mljhead.jpgThe Stranger published an update on the current state of SeaSk8,  the feasibility study that the Seattle Center presented to Council recently, and the role that the City Council is playing in all of this.

It does not come as a shock to any Seattle skateboarder that the newest site comes with $4 million worth of baggage.  In fact, some would suggest that the Seattle Center and the Century 21 Committee, who originally proposed the Pavilion site, were simply setting the skaters up for another shot to the head.  I mean…who in their right mind would get behind a $4 million dollar, 10K sq/ft skatepark?  The City Council assures us that these buildings were scheduled for demolition someday anyway, and that we should just see this as an acceleration in the existing schedule, but that doesn’t really address the negative effects of the new budget revelations.

The overwhelmingly gargantuan budget as outlined by Seattle Center’s report, changes the focus of the discussion from  finding was to make the new skatepark successful and awesome, to simply making it happen without jarring all interested parties into catatonic sticker shock.  Suddenly, pushing for a bit of extra funding so that we can get some integrated art to make the park unique seems trivial and unimportant.  It’s as if the skateboarders are constantly being plunged into the worst-case scenario to encourage them to compromise for something less-awful.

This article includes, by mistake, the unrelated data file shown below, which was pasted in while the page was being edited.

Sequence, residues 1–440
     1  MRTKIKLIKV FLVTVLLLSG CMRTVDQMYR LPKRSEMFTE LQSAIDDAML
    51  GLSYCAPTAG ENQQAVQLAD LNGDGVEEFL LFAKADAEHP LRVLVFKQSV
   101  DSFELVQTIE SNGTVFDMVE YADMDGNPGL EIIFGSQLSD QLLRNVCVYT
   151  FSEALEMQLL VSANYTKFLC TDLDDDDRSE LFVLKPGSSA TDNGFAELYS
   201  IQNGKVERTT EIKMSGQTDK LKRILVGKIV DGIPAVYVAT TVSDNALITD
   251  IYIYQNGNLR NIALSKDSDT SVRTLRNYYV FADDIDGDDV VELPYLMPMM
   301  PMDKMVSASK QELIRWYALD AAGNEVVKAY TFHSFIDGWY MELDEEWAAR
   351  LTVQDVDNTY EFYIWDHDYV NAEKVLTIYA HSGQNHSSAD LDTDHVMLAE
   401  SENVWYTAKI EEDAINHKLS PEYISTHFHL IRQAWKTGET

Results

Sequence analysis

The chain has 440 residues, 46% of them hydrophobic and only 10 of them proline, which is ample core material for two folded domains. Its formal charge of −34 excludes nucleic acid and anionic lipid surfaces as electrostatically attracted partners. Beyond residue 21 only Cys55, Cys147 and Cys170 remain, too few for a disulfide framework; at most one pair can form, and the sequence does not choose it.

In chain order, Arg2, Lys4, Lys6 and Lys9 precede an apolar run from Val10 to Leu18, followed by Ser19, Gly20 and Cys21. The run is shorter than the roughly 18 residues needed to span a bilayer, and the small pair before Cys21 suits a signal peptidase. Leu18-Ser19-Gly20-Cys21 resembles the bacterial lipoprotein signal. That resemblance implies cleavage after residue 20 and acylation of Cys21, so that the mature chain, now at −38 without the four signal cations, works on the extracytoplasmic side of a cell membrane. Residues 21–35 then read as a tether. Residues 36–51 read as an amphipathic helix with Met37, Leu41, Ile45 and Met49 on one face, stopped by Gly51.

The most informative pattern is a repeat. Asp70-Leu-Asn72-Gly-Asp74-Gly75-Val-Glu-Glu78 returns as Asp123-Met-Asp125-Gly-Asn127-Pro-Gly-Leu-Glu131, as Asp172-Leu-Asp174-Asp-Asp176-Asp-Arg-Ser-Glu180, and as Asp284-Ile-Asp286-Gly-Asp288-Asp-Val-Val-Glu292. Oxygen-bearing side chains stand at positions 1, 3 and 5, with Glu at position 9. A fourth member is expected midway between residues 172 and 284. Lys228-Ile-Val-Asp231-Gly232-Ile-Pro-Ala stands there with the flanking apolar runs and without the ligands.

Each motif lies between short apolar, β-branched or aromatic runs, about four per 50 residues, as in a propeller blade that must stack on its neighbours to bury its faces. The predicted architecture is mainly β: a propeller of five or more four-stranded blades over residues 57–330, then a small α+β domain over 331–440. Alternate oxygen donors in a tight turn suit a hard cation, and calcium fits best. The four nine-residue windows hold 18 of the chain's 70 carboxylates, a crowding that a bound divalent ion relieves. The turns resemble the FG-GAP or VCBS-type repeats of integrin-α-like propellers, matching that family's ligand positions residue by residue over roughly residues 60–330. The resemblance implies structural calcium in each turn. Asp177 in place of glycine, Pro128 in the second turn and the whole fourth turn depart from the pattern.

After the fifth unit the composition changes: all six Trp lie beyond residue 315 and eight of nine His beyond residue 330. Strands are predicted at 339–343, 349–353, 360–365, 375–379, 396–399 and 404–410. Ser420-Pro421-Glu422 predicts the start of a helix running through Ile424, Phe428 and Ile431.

In the end, less-awful is still awful.

It’s unclear to this skateboarder when someone’s going to realize that all of this: the $4 million, the delays, the smaller park, the hassles…would’ve largely been avoided had the corporate tenants of the Seattle Center (EMP, Space Needle, & Pacific Science Center) not been allowed to influence the final resting place of SeaSk8.

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